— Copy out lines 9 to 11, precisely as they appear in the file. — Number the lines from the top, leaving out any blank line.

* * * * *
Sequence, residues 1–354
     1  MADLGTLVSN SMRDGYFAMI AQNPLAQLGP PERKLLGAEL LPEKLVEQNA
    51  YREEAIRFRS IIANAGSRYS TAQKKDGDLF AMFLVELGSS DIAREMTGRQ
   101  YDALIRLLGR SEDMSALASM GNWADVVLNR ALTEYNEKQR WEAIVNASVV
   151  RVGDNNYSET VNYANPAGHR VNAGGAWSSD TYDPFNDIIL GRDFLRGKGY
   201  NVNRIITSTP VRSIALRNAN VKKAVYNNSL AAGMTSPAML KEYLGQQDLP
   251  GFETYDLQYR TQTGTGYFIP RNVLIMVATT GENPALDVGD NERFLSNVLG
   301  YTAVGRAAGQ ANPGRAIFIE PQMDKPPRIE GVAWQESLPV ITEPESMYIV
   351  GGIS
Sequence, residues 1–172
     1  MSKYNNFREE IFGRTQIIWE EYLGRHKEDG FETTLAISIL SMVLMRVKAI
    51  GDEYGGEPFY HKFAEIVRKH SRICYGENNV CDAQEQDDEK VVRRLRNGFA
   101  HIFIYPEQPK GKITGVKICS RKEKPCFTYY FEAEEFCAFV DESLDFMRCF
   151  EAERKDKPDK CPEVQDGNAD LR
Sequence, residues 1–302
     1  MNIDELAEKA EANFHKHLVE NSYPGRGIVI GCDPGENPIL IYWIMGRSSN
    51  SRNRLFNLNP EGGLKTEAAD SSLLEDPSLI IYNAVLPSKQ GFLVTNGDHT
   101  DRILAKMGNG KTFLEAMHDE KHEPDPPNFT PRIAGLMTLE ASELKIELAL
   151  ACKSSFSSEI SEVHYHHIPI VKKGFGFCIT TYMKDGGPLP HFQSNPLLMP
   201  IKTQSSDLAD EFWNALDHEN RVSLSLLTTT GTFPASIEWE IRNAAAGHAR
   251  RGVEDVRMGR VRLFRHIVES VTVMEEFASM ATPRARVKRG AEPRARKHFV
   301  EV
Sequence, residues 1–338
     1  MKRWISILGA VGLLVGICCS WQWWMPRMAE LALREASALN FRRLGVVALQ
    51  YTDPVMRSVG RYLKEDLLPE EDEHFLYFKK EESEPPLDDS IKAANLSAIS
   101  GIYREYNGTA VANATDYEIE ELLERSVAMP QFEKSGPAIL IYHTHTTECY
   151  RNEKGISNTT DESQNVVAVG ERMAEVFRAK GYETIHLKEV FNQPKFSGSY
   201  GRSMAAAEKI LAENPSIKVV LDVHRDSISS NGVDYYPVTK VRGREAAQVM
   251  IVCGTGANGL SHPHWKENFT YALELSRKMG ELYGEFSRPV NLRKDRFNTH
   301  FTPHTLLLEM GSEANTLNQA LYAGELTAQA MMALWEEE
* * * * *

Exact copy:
   351  GGIS
Sequence, residues 1–172
     1  MSKYNNFREE IFGRTQIIWE EYLGRHKEDG FETTLAISIL SMVLMRVKAI